Harvard Law professor Alan Dershowitz joined other legal experts in disbelief that the FBI raided a former president’s house for documents.
Treating former President Donald Trump like a drug dealer, who feds fear will flush product down a toilet, has shaken many people to their core. Armed predawn raids on political opponents happens regularly in third-world countries but not in the U.S., or so Americans believed. Until now.
U.S. Attorney General Merrick Garland’s treatment of Trump smacks more of petty retribution for Republicans blocking his appointment to the Supreme Court than a pursuit of justice.
The Epoch Times reported Dershowitz’s concerns more fully.
“The raid is supposed to be a last resort, but this administration has used the weaponization of the justice system against its political enemies. It has arrested people, denied them bail, put them in handcuffs—used all kinds of techniques that are not usually applied to American citizens. I just hope this raid has the justification. If it doesn’t have the justification, the materials seized in it will be suppressed,” Dershowitz, who assisted Trump’s legal team during the first impeachment effort, said on Newsmax.
“This is improper, and this is misconduct. We have to find out what the facts are. But we have to make sure the shoe fits on the other foot—that we want to make sure what is being done here is something that Democrats would not oppose if it were being done to Democratic operatives, as well,” he added.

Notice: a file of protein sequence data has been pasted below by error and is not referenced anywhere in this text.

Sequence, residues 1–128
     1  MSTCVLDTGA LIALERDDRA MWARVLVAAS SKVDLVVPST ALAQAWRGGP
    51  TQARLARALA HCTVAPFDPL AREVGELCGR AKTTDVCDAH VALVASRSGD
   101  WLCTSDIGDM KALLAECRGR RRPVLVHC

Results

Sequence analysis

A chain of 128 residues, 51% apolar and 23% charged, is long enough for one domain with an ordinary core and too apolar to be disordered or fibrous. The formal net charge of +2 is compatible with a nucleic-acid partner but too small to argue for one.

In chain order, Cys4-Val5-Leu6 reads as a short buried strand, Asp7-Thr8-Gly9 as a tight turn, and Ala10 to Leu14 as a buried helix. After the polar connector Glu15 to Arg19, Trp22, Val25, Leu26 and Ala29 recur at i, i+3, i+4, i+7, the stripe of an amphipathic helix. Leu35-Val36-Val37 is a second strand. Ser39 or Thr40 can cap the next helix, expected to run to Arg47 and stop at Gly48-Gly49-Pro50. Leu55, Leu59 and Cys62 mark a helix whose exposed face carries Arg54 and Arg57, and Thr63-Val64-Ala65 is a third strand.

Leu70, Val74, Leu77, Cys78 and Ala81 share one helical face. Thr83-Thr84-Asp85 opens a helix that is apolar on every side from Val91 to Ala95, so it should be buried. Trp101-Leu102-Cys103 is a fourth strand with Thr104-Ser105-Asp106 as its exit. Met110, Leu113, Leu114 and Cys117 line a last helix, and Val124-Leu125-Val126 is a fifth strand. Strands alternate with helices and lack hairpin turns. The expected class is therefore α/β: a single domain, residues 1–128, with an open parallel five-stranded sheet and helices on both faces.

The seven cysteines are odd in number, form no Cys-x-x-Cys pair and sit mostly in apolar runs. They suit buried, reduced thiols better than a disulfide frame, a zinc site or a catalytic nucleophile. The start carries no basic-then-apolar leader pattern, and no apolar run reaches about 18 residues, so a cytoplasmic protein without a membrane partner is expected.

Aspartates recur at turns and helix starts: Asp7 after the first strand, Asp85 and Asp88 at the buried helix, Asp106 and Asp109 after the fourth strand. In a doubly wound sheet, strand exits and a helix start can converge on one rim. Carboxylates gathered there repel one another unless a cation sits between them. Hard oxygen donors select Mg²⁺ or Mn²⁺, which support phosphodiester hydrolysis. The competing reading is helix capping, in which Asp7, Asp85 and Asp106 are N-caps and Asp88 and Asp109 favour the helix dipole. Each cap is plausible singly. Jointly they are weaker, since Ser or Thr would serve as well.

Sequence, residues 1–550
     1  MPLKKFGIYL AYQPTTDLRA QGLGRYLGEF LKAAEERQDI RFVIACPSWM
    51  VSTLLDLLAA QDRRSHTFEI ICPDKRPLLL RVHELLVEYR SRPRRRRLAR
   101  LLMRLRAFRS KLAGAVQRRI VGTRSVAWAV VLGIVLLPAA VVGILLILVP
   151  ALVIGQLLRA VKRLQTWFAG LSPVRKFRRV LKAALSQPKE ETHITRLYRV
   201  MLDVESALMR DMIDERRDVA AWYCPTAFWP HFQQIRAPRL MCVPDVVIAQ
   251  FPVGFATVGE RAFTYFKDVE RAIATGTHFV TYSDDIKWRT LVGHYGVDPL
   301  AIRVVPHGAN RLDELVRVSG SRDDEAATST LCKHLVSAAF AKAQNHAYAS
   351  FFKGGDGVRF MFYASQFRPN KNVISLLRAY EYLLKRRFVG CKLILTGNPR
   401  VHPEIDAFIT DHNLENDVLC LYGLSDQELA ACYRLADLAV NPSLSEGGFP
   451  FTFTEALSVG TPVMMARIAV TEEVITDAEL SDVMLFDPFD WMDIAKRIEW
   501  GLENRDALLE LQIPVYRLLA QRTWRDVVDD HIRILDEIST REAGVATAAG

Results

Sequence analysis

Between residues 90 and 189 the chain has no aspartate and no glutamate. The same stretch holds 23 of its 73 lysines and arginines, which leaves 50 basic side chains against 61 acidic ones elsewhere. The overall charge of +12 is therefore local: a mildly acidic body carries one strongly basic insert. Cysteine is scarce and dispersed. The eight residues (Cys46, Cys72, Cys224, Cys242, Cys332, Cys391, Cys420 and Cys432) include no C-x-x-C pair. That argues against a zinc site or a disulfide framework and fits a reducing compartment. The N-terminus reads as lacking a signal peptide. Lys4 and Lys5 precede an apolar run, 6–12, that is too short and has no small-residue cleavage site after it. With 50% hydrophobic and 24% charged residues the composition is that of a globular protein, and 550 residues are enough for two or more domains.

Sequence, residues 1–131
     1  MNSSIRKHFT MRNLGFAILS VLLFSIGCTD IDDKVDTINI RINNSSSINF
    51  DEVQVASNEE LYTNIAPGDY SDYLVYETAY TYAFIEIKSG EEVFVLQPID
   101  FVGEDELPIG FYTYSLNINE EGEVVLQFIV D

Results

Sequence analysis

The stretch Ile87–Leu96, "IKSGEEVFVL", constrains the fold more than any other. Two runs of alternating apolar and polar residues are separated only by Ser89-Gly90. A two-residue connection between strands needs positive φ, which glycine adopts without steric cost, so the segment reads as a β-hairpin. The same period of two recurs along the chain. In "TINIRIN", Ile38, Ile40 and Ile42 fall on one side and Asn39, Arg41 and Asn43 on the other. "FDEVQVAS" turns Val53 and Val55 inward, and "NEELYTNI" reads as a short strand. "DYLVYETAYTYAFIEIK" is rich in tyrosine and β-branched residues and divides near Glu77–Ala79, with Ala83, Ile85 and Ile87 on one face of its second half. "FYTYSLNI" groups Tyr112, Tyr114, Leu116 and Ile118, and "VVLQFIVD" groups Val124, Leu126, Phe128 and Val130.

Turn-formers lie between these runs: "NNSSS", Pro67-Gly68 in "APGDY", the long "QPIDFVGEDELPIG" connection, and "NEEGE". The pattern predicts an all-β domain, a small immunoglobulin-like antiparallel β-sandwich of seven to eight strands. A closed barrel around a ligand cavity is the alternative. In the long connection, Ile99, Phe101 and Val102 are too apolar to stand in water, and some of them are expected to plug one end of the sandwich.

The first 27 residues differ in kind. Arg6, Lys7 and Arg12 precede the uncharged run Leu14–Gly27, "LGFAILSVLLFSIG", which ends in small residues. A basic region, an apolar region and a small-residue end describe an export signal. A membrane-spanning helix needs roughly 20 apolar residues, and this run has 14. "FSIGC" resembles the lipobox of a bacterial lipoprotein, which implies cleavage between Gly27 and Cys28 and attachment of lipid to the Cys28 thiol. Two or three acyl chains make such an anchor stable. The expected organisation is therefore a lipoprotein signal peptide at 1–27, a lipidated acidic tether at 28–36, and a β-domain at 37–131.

“It’s a breathtaking moment to have a raid like this on a former president and potentially the future opponent of the current president,” Jonathan Turley, a criminal defense attorney and a law professor at George Washington University, said on Fox News.
Turley wondered why Attorney General Merrick Garland, a Biden appointee, did not appoint a special counsel, noting that then-Attorney General Elliot Richardson appointed a special prosecutor to investigate then-President Richard Nixon in the 1970s.
“Now, here you have the past opponent of the current president and the expected future opponent,” Turley said. “I can’t imagine how Attorney General Garland would look at that situation and not see an absolute necessity for a special counsel.”
Little about the justification for the raid is known. The FBI declined to comment and its parent agency, the Department of Justice, which Garland heads, did not respond to a request for comment. The White House did not return an inquiry.
Trump alleged prosecutorial misconduct in a statement on the raid while Eric Trump, one of his sons, said on Fox that the purpose of the raid was seeing whether his father still possessed any documents the National Archives and Records Administration is seeking.
“My father has worked so collaboratively with them for months. In fact, the lawyer that’s been working on this was totally shocked. He goes, ‘I had such an amazing relationship with these people and, all of a sudden, on no notice, they send, you know, 20 cars and 30 agents?’” Eric Trump said.
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